So I guess a lot of times, geneticists have got to give up and say, "this collection of bizarre but nonlifethreatening malformations or reflexes are probably unrelated and may not pose much of a risk to future pregnancies beyond the background 3-5%". Other times, they can try to get insurance companies to pay for a $3000 gene test to rule out one possible cause of the child's symptoms.

But sometimes -- and maybe the bulk of a day is spent on these cases -- the doctor collects the observations and labs and experience and starts searching, online or in malformed facebooks -- for the variant of the extremely rare disorder already described. They can find the clues to management and future risk! Or describe all-new syndromes.

How rare is that? I used to think that physicians would be confronted with mystery on a more regular basis. When I was a first-year I wrote up a nice case on a mysterious rash that I concluded must be caused by Nickel allergy. But I understood that that case was one out of a hundred, maybe more. And so far in third year you don't see much that causes you to scratch your head and hit the books. All the decision-trees have been plotted, with percent likelihoods and odds ratios. If it were any other way, docs wouldn't be able to see 30 patients a day (unlike the four I saw on Tuesday. Just four!)

This relates to the contrasting approaches of Schmee and C. Schmee was a perfectionist and would rest up, mentally and physically, before tackling a big project. I do this too, and not just with academics -- housework, letter-writing, you name it. It's like I have to prepare my mind for the task. The bigger the task, the more rest and preparation is required. You can call it procrastination, and it might be that simple, but I think it's more nuanced.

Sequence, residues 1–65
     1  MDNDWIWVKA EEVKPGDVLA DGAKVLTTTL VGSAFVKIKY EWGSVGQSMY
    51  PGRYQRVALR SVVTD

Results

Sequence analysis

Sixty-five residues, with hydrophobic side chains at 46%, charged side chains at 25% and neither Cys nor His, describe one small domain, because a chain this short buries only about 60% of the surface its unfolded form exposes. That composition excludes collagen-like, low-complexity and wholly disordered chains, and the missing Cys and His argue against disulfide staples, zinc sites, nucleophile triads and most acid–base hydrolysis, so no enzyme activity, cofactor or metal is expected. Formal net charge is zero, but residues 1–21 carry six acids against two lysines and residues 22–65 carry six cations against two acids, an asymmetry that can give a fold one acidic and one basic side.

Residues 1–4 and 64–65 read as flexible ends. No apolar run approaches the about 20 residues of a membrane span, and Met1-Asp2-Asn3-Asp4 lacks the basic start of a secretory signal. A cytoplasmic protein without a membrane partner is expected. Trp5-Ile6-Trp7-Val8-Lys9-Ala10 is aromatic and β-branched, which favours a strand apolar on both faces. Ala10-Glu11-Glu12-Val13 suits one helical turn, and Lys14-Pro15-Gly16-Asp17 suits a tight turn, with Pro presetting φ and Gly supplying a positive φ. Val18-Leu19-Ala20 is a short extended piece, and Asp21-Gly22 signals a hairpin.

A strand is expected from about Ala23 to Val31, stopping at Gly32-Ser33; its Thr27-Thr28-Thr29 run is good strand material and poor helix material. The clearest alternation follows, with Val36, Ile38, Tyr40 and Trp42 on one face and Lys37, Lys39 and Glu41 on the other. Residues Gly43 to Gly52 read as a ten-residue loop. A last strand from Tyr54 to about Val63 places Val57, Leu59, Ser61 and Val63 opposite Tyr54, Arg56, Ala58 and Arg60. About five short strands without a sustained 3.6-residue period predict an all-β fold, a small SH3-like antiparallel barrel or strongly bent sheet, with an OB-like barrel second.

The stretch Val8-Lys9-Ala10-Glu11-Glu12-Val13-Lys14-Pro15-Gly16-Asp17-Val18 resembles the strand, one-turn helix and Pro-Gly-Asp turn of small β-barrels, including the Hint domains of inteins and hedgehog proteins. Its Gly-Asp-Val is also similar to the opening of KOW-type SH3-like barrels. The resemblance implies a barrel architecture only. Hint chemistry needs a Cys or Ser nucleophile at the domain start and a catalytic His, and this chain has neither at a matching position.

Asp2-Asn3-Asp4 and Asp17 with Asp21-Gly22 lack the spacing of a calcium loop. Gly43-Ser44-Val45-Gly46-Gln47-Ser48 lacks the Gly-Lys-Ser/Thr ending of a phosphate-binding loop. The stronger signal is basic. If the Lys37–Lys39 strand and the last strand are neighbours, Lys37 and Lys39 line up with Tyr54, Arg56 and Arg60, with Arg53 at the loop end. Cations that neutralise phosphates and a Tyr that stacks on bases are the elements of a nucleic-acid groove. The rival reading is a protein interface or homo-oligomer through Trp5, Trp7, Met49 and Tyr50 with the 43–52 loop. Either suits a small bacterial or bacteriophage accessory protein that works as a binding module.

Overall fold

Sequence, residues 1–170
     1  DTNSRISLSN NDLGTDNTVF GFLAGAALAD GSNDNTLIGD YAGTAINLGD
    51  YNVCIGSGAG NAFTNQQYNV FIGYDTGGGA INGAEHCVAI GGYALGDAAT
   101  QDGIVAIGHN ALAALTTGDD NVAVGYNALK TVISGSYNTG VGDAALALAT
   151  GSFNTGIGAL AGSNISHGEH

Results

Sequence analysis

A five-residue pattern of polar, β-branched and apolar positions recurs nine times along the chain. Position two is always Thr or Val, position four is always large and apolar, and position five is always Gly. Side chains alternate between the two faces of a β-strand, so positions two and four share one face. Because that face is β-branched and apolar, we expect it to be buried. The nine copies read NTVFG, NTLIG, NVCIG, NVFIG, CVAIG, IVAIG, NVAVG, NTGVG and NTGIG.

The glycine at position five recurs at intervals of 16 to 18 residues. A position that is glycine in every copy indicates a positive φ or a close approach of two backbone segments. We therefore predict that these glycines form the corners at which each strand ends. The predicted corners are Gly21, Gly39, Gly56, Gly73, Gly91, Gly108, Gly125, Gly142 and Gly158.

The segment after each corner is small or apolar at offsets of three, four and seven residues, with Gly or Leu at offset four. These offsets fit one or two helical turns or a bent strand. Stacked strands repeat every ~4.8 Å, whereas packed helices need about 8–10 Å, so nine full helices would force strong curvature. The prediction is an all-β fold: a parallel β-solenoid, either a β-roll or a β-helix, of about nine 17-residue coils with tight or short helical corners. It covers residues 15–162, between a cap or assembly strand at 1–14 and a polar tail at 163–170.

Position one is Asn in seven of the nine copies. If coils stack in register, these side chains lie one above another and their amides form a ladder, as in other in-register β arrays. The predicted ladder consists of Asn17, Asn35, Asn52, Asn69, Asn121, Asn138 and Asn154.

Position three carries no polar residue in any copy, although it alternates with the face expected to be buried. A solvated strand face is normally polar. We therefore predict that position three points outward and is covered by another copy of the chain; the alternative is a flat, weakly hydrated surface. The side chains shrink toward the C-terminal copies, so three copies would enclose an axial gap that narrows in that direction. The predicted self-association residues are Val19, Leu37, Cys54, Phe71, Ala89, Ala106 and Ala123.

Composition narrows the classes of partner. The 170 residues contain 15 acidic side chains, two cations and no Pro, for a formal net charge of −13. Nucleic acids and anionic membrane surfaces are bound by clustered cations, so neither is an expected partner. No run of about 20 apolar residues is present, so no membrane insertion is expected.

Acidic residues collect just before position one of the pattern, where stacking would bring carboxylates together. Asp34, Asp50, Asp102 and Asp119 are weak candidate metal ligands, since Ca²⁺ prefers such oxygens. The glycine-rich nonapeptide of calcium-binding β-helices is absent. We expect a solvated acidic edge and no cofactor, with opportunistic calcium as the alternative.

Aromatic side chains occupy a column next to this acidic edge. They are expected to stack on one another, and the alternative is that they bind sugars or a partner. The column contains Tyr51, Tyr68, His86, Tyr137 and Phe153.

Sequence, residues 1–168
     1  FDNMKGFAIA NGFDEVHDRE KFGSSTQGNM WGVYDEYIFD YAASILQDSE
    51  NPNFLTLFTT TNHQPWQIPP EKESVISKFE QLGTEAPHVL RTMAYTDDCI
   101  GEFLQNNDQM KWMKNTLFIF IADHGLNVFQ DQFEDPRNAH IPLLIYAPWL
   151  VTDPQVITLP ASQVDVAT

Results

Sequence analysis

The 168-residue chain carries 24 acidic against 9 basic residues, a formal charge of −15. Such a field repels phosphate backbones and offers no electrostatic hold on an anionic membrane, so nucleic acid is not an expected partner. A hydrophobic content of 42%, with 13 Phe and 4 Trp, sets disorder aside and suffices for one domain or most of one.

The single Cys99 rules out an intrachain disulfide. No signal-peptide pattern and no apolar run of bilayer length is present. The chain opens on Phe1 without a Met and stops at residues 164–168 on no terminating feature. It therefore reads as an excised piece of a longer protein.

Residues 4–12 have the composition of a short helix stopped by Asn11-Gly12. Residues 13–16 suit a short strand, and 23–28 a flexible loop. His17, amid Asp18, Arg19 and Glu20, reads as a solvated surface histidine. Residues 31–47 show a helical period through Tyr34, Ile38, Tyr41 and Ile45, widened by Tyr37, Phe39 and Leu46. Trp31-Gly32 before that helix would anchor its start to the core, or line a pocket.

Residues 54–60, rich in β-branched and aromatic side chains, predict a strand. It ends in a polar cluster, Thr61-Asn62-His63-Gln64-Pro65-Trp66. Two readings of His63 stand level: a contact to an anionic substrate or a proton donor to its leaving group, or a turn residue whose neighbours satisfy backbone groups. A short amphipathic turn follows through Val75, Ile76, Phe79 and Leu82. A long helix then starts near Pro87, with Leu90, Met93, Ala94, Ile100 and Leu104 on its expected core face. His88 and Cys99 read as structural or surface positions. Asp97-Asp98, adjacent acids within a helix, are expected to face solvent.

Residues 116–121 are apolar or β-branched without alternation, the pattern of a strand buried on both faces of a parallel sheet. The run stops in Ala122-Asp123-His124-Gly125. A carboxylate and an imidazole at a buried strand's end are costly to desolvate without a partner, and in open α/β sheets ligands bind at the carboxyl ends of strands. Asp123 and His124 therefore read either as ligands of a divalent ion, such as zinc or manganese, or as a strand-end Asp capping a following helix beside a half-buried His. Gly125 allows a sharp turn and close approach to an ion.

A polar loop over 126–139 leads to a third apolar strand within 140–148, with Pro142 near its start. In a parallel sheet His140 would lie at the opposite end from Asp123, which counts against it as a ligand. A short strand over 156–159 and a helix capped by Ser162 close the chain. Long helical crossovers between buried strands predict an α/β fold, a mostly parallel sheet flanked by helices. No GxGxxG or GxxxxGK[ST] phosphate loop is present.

On the other hand is C. C's mother once said if you've got to clean the kitchen, just clean a little of it, and soon you'll be "cleaning the kitchen" and it's easy to progress from there. It sounds ridiculously obvious but upon reflection strikes me as kind of radical. I can't tackle problems like this, or at least, not chores. Reading, studying, sure, maybe a little. But this is why C can study on a bus or while watching the game... while I need a good night's sleep and a full day at the library (and maybe not even then).

Medicine, it seems, is geared toward C's approach. You have to see these patients, because they're coming. You have to write her up, and quickly, because she needs her meds and orders and the next patient is on the way. My notes still often look like crap; I could have done a better job with a bigger template and infinite interview time. I didn't have that time, or that template, so I asked and wrote what I could remember and got it signed and moved on.